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10. Restless legs syndrome

Restless legs syndrome (impatience in the legs)
The restless legs syndrome, also called a restless leg, or nocturnal restlessness, is a
neurological disorder that causes an uncontrollable urge to move the legs. This need arises
from discomfort in the lower limbs - tingling, burning sensations - the intensity of which
varies significantly from one person to another. These unpleasant sensations occur,
particularly during periods of relaxation or inactivity. As a result, it can be very difficult to
just rest, sit still for a meeting, or travel by plane, for example.
Since symptoms like swollen legs appear mainly in the evening and at night, drowsiness is
more complicated. Chronic insomnia can result in fatigue and drowsiness during the day,
substantially altering the quality of life. Some people even report having the sensation, upon
waking, of having walked all night.
Who is affected?
In North America and France, about 1 in 10 people suffer from restless legs syndrome.
According to epidemiological studies, it is more frequent in certain populations: this is the
case of northern Italians and French Canadians. In Quebec, around 15% of people have this
syndrome. This is due to a genetic abnormality, passed from generation to generation.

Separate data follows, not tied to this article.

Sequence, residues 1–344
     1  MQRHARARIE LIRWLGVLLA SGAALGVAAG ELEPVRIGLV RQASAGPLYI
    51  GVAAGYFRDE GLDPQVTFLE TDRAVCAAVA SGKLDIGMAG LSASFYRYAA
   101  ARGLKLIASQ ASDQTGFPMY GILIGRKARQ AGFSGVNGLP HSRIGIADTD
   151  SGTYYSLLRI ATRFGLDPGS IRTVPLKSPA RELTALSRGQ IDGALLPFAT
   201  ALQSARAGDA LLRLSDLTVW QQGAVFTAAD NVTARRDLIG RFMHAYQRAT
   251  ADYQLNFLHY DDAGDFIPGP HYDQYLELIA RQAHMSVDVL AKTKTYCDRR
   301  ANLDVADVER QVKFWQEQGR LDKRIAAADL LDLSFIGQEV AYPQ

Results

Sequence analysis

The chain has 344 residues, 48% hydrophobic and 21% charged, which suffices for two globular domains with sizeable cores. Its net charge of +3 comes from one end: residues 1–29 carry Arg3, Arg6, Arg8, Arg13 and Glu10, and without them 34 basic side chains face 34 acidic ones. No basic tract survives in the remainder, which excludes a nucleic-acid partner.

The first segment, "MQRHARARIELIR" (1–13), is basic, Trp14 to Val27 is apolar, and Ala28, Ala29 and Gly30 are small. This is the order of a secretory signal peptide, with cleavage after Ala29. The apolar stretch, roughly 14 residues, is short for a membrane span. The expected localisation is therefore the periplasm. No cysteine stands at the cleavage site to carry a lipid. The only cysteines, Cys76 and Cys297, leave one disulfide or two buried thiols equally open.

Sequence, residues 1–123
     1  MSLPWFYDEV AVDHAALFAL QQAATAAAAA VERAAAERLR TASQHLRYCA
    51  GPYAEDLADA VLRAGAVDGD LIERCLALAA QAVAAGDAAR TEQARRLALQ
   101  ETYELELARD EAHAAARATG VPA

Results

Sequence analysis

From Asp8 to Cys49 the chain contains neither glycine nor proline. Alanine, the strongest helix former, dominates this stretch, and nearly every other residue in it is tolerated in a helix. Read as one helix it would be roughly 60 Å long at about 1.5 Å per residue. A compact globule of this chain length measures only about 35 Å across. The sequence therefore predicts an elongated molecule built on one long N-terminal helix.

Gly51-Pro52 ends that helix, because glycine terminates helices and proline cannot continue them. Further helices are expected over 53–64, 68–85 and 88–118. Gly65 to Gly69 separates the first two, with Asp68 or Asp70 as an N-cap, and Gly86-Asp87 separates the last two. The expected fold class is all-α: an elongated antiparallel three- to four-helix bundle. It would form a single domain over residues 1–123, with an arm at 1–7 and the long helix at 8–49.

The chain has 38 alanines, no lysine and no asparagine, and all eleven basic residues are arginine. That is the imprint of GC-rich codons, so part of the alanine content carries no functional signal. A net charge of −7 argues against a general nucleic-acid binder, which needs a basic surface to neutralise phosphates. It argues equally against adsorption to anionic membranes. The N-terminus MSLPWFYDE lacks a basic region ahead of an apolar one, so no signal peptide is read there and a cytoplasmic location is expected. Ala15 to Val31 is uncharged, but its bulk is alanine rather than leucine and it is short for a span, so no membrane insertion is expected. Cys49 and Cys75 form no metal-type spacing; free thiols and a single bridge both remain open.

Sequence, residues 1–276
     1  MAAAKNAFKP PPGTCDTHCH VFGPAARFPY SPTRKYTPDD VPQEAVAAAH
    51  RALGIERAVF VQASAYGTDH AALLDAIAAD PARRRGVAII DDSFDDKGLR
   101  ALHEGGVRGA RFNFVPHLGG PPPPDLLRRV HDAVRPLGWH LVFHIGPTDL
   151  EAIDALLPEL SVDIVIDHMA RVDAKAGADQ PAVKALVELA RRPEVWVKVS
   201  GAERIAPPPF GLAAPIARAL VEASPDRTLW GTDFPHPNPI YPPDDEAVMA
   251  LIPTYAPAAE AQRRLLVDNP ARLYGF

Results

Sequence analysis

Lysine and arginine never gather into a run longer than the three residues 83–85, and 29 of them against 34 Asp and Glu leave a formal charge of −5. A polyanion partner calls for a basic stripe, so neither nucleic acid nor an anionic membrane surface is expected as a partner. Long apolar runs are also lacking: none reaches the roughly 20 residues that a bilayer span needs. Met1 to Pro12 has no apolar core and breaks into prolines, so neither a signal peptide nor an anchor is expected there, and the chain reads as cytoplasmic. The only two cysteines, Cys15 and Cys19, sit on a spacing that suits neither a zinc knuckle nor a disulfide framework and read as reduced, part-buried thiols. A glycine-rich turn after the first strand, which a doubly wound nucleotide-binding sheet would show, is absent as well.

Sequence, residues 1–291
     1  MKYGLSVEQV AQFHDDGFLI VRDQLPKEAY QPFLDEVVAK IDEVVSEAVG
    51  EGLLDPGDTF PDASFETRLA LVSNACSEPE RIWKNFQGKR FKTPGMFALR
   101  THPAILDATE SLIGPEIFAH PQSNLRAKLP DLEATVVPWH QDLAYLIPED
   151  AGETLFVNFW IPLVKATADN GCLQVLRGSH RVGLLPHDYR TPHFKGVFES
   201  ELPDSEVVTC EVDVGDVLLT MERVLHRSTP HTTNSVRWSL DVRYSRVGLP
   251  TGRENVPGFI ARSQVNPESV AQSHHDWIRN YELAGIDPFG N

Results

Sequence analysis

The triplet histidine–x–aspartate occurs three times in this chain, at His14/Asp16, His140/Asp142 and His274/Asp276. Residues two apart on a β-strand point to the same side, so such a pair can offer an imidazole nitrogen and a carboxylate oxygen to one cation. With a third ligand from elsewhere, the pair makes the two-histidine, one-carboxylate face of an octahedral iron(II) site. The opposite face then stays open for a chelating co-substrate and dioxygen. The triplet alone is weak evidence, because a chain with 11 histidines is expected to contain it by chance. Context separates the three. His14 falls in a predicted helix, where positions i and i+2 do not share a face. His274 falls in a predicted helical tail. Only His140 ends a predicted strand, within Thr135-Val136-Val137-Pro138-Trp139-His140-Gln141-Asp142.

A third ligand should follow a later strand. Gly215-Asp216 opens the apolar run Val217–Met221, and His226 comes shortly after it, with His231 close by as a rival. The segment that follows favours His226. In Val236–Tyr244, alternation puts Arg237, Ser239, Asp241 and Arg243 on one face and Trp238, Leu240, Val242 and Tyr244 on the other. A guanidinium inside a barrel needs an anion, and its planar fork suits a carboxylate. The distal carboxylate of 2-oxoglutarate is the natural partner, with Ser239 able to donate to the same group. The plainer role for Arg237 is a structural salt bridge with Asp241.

The disease is clinically significant, moderate to severe, in approximately 3% of the adult
population and 0.5% in children.
Restless Leg Syndrome Causes
For the majority of cases, the cause remains unknown. Physiologically, it is known that it is a
neurological disorder that would imply a lack of dopamine in the brain and the spinal cord.
Dopamine is an essential chemical compound that allows nerves to communicate with each
other and to regulate movement.
They can be distinguished as the Primary Restless Leg Syndrome form (idiopathic) and
the secondary form. The primary form has no known cause. It is often familial and often
begins in early adulthood. Eight genetic loci have been identified, and these anomalies are
found in 70% of cases in the primary form. It gradually worsens and reaches its peak
between 40 and 60 years. In Quebec, approximately 1 in 2 cases of restless leg syndrome
occur in people who have the primary form.
Secondary Restless Leg Syndrome is associated with the following conditions:
An iron deficiency: Lack of iron could hinder dopamine production, even if the deficiency
is not enough to talk about anemia. Iron is involved in the production of dopamine in the
brain. The research found in 88 children with ADHD that a third also had restless legs
syndrome and that they were more likely to have an iron deficiency.
The pregnancy: It can trigger or worsen symptoms, especially during the last trimester. In
the first case, these tend to disappear within two weeks of childbirth.
A deficiency in folic acid (vitamin B9)
The caffeine
Obesity slightly increases the risk of cramps.
To make a Restless Leg Syndrome Diagnosis Near Me, the doctor bases himself on the
description of the symptoms, the medical history, and family history. Certain muscle or
blood tests (levels of ferritin, hemoglobin, folic acid, vitamin B12, glucose, and creatinine,
thyroid) are sometimes suggested. If necessary, the general practitioner offers to consult a
neurologist. This one will be able, if necessary, to observe with the polysomnograph the
quality of sleep during a night spent in a sleep study center.